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REI Co-op Hyperaxis Hoody Review

This competitively priced fleece has all the features of more expensive jackets for around $70 less.
REI Co-Op Hyperaxis Fleece Hoodie
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Price:  $130 List | $63.83 at REI
Pros:  Great hood, thumb loops, stylish, awesome price
Cons:  Too bulky for layering, big sizing
Manufacturer:   REI
By Matt Bento ⋅ Senior Review Editor  ⋅  May 14, 2018
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70
OVERALL
SCORE
  • Warmth - 20% 8
  • Comfort - 20% 7
  • Breathability - 20% 7
  • Layering Ability - 15% 7
  • Style - 5% 7
  • Weather resistance - 10% 6
  • Weight - 10% 6

Our Verdict

The Hyperaxis Hoody has been discontinued.

October 2018

The REI Hyperaxis Hoody is another excellent fleece at an extraordinary price from REI. This fleece combines wind-resistant Polartec Windpro on the front and shoulders with more breathable Polartec Powerstretch fleece on the sides. Sound familiar? This design is similar to offerings from Arc'teryx and Mountain Hardwear while delivering at a way more agreeable price. No corners cut here. This Jacket has two handwarmer pockets, a chest pocket, a perfect hood, and thumb loops.


Our Analysis and Test Results

This fleece is very similar to the Arc'teryx Fortrez Hoody, employing a "hard face" style, abrasion resistant material to make the jacket a little more weather resistant. It's a bit more weather resistant than the Best Buy Award winning REI Co-op Flowcorebut can't shed rain like the Patagonia R1 Techface Hoody.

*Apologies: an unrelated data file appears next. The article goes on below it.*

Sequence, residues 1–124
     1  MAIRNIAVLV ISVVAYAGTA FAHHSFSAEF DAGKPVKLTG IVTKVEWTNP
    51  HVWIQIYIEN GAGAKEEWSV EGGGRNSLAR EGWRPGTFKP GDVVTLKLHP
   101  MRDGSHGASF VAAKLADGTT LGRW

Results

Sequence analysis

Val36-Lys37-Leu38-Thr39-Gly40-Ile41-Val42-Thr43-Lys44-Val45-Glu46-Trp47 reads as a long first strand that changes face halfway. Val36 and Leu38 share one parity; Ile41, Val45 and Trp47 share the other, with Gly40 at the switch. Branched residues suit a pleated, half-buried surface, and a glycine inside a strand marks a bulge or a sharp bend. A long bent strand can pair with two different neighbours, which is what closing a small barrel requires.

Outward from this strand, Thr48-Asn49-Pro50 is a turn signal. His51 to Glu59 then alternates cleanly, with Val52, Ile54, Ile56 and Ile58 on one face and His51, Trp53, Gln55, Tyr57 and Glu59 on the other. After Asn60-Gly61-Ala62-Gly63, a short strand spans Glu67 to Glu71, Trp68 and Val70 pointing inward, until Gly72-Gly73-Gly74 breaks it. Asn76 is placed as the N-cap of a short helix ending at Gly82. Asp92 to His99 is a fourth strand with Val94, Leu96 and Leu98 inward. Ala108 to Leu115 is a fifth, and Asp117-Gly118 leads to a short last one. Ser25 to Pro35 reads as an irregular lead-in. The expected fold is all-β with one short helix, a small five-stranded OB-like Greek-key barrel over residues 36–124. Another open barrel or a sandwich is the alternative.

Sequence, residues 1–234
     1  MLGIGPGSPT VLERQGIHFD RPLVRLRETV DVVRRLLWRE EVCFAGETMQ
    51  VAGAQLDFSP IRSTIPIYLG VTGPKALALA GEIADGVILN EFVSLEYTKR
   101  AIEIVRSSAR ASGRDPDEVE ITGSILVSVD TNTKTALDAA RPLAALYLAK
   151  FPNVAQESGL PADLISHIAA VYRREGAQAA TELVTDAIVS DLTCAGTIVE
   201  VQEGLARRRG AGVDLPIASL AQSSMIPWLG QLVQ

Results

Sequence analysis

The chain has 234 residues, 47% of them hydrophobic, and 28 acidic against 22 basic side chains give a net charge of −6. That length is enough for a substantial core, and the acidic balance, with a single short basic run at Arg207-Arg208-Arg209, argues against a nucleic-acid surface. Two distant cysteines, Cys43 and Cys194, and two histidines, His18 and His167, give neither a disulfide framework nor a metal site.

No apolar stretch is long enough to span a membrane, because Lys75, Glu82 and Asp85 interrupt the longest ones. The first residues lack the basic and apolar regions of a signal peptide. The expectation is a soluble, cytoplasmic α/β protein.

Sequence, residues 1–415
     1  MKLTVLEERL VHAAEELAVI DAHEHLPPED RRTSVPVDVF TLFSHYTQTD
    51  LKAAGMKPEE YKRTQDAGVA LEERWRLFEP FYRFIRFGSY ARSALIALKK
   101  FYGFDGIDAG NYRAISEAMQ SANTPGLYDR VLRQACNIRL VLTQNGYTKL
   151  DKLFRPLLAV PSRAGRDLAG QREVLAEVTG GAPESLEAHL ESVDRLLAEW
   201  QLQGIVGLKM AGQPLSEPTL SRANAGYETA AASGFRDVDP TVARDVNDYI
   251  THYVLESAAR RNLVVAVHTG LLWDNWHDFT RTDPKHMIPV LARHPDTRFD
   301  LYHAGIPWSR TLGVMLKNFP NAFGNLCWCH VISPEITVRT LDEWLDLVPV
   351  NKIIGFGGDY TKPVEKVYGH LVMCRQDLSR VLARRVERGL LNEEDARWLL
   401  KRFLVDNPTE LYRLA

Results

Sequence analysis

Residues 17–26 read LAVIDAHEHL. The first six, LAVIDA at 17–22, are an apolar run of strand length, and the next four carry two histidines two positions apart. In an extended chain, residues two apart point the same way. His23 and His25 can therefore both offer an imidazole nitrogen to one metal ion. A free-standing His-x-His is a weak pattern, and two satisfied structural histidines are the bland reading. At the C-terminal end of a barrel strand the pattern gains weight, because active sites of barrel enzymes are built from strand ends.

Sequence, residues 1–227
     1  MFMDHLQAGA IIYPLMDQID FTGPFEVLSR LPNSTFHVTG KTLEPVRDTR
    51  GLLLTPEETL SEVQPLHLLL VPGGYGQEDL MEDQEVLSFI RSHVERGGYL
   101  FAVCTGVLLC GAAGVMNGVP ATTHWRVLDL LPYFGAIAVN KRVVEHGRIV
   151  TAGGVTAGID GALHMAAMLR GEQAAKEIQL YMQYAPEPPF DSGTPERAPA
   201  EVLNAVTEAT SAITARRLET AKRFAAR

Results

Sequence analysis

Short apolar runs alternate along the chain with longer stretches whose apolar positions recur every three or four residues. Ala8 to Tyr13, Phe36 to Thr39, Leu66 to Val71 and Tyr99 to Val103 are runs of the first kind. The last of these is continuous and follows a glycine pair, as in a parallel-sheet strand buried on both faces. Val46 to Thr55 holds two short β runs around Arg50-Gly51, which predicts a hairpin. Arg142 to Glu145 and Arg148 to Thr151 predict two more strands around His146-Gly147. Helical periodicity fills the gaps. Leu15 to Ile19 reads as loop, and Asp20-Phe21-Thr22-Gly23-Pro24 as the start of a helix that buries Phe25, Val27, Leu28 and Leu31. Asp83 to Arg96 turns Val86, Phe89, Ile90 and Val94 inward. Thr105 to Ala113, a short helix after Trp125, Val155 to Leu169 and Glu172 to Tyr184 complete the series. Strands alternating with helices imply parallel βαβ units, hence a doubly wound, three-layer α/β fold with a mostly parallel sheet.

Loaded with features like pockets and thumb loops  this jacket is a great value.
Loaded with features like pockets and thumb loops, this jacket is a great value.

Performance Comparison


This fleece kept our tester warm on a chilly day bouldering in the tablelands.
This fleece kept our tester warm on a chilly day bouldering in the tablelands.

Warmth


A hood and more wind resistance make this jacket slightly warmer than REI Co-op Flowcore in the minds of our discerning testers. It's also just as warm as heavier fleece like the Patagonia Performance Better Sweater Hoody and the Patagonia Synchilla Snap T. This jacket loses a few points when it comes to thermal efficiency due to its baggy fit.

Bronson usually wears a large  and this fleece is a size small. Keep that in mind if ordering online.
Bronson usually wears a large, and this fleece is a size small. Keep that in mind if ordering online.

Comfort


Though this fleece is honed for backcountry performance, its loose fit gives it the feel of a casual cotton hoody, ready for lounging around. The cuffs possess the perfect amount of elasticity, staying in place underneath a shell while still being easy to pull up when it's dishwashing time. The handwarmer pockets are vast, easily accommodating a water bottle and a few snacks when you're cruising around at the ski resort or on a short hike. For additional storage, there's the super low profile chest pocket. The hood is soft and snug, but stretchy enough that it doesn't feel uncomfortable on your head or over a hat.

It's easy to wear a cozy flannel under this jacket.